The next system empties into the Gulf of Mexico and consists of the Pantepec, Necaxa, San Pedro/Zun, Apulco, Cedro Viejo, Martínez de la Torre and other rivers on the east side of the state. This system has two major dams called the Mazatepec; the third is based on the large number of small lakes fresh water springs as well as some volcanically heated springs. The best known of these include Chignahuapan, Agua Azúl, Cisnaqullas, Garcicrespo and Rancho Colorado. Lakes include Chapulco, San Bernardino, Lagunas Epatlán, Almoloyan, Pahuatlán, Las Minas and Tecuitlapa. Puebla has many different climates owing to its range of altitudes, it has an average temperature of 16 °C but this varies locally. There is a rainy season from May until October with an overall precipitation of 801 mm; the state has eleven different climate zones. The centre and south of the state has a temperate and semi-moist climate, with an average temperature of 15 °C and 858 mm of rainfall; the southwest has a warm to hot and semi-mois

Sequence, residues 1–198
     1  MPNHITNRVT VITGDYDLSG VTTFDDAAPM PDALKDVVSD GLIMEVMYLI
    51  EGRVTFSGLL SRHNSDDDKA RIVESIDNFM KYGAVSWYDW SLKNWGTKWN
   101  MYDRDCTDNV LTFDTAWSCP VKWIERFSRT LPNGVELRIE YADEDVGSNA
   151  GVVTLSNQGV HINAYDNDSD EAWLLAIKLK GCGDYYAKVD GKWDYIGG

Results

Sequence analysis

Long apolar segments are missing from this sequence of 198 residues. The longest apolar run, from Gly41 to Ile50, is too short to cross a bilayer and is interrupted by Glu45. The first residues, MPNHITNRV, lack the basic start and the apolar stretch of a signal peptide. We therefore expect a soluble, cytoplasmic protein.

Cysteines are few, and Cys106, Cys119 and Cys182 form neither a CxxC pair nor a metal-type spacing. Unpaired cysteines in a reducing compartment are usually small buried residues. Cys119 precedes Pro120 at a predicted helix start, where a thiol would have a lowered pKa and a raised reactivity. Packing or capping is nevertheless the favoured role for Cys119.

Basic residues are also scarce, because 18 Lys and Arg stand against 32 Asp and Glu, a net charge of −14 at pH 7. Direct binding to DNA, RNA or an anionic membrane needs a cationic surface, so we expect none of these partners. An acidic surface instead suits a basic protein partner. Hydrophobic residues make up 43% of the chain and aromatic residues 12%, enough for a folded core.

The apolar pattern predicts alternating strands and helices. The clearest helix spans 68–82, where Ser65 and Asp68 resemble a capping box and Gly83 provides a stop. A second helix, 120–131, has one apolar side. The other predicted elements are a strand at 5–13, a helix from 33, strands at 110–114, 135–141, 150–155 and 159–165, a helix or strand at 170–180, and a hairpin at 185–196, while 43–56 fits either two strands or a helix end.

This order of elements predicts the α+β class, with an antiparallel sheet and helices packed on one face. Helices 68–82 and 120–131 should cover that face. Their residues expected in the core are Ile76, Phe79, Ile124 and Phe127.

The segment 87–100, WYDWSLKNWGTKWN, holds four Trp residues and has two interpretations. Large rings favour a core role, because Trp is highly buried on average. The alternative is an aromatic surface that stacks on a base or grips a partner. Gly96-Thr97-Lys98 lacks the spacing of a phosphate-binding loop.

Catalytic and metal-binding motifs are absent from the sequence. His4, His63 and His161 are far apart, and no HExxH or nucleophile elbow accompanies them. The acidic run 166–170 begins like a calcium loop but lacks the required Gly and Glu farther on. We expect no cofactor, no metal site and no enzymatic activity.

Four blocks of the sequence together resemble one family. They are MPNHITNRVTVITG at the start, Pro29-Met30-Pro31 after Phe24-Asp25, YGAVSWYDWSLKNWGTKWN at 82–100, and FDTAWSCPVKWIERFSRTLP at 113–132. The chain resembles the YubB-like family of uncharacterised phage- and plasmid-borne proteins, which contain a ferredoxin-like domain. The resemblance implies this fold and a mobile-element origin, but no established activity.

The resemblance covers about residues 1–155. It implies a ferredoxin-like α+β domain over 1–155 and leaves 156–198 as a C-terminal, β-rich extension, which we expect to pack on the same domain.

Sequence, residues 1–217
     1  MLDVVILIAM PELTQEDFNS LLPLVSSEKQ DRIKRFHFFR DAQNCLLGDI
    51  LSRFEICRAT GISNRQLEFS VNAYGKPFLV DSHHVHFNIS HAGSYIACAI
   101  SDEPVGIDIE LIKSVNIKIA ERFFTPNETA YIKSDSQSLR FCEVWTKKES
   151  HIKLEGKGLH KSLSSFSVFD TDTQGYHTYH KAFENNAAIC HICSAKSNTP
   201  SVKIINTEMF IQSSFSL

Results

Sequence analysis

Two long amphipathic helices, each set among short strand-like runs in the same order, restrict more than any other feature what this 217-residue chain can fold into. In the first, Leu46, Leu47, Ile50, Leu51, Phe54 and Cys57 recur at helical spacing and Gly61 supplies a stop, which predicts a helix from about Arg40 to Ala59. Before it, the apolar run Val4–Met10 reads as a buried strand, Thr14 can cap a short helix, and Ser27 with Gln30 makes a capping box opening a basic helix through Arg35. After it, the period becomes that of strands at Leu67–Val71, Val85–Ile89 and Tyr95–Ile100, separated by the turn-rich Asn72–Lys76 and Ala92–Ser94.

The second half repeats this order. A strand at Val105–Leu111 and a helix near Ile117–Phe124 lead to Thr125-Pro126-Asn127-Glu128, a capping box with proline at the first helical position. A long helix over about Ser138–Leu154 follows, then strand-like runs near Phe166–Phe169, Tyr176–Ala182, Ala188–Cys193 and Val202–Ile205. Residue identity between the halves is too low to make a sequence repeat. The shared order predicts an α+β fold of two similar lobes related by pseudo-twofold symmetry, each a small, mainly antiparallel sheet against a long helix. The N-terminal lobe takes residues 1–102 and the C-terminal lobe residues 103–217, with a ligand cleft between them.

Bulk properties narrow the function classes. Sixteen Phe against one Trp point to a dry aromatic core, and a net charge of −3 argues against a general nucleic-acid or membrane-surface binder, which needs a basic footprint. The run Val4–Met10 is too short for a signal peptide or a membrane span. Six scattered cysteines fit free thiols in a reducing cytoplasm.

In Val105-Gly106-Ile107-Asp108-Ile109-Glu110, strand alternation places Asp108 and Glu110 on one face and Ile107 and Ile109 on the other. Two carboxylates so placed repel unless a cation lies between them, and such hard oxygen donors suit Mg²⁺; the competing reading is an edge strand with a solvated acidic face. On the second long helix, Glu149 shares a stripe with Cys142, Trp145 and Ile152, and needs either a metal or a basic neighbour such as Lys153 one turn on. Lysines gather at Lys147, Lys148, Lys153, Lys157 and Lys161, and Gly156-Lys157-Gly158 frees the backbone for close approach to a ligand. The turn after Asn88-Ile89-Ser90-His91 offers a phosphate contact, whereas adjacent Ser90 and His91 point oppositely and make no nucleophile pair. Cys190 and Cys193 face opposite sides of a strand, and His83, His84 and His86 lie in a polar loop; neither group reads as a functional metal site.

The Vatican Apostolic Library, more known as the Vatican Library or informally as the Vat, is the library of the Holy See, located in Vatican City. Formally established in 1475, although it is much older, it is one of the oldest libraries in the world and contains one of the most significant collections of historical texts, it has 75,000 codices from throughout history, as well as 1.1 million printed books, which include some 8,500 incunabula. The Vatican Library is a research library for history, philosophy and theology; the Vatican Library is open to anyone who can document research needs. Photocopies for private study of pages from books published between 1801 and 1990 can be requested in person or by mail. Pope Nicholas V envisioned a new Rome with extensive public works to lure pilgrims and scholars alike to the city to begin its transformation. Nicolas decided that he wanted to create a'public library' for Rome, meant to be seen as an institution for humanist scholarship, his death prevented him from carrying out his plan of a public library, but his idea lived on with his successor Pope Sixtus IV who established what is now known as the Vatican Library.